Hearing of Annapolis Mayor Alfred A. Hopkins' plan to renovate the City Dock causes an uneasy feeling of deja vu.
The $10 million project to repair the dock's pavement, bury power lines and shore up the bulkheading is being presented with many of the same glowing promises that presaged the reconstruction of Main Street in the state capital a few years ago.
Although the Main Street project had been talked about for years, when it came down to getting the final approval of Annapolis' Historic District Commission, the squabbling began. Business owners fretted over lost parking spaces, residents worried about sidewalk cafes, preservationists debated the width of sidewalks, and the project fell behind schedule. Now crews will have to work double shifts to meet a deadline of Dec. 1. A number of downtown business owners say they aren't sticking around for the work to be finished; some are moving their stores and others are closing up shop altogether rather than deal with the traffic disruptions.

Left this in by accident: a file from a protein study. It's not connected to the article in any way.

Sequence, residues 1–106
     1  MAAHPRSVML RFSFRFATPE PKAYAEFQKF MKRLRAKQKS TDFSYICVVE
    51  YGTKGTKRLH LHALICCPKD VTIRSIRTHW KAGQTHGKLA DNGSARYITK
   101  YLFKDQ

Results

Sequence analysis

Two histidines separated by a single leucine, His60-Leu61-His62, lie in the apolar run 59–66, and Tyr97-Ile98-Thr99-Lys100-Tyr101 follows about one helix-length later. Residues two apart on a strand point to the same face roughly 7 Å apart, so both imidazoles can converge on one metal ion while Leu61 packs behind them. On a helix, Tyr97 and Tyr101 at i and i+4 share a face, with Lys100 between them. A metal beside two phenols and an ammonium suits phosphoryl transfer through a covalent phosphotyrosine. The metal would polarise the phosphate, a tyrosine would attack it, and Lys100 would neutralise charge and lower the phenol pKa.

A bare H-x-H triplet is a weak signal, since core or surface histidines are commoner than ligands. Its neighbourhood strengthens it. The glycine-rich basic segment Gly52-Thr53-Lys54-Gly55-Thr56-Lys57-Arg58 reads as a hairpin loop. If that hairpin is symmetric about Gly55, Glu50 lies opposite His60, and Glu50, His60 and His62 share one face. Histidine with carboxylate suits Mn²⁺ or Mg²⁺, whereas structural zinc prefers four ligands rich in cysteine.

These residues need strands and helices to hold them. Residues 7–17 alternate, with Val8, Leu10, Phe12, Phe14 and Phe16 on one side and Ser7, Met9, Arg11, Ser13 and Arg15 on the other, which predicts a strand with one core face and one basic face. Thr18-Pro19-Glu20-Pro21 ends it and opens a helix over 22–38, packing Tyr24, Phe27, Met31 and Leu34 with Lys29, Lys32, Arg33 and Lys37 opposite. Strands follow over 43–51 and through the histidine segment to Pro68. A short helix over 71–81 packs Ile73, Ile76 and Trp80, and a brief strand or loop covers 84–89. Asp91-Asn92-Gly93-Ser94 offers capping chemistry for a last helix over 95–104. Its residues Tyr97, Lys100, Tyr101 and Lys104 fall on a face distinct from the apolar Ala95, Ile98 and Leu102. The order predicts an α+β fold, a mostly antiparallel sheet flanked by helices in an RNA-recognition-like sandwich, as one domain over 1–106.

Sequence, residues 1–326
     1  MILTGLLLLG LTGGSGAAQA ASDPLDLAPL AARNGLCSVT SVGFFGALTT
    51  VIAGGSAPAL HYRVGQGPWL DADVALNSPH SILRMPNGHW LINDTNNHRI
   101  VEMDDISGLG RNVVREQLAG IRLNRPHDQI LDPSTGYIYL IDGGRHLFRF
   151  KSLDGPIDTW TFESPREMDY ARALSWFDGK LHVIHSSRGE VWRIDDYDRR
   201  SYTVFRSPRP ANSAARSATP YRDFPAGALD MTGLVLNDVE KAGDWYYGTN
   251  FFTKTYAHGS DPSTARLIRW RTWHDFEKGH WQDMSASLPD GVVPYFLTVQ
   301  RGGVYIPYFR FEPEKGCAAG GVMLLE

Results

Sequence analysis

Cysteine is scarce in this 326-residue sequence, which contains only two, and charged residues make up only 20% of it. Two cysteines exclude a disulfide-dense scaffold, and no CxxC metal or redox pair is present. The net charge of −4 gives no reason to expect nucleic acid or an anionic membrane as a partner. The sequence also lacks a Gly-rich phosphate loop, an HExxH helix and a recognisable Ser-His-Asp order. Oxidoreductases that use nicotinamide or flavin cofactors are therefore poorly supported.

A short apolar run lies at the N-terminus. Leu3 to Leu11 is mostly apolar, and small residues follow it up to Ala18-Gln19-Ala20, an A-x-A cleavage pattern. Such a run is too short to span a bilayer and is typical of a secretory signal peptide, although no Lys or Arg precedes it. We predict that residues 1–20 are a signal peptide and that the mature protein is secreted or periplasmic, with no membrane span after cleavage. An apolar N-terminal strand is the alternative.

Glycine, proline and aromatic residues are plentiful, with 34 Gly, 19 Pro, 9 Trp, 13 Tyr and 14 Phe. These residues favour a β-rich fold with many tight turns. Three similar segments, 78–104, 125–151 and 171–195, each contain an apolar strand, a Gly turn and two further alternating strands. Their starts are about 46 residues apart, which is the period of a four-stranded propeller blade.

While Main Street is Annapolis' main artery, the City Dock is its heart. And the work envisioned there is bound to raise the same concerns that caused the delay of the Main Street reconstruction. The mayor had hardly announced his intention to seek $5 million from the state to help pay for the project when the grumbling began. City Council members were upset that they were not briefed about the plan before the administration approached state legislators. Merchants said they worry that the disruption, coming on the heels of the Main Street tumult, will break their businesses. And it became clear that disagreement exists over what the dock should be. Some favor turning it into a pedestrian mall; others think the dock area should continue to provide parking.
The mayor wants some of the bulkhead work and landscape improvements to be completed before the Whitbread Round the World sailing race docks in Annapolis in the spring of 1998. Some maintenance work may be needed, but the city should not rush into a full-scale renovation of the dock. Annapolis should have learned from the Main Street controversy that a project of such magnitude cannot be done without careful planning, community participation -- and plenty of time for disagreements to be resolved.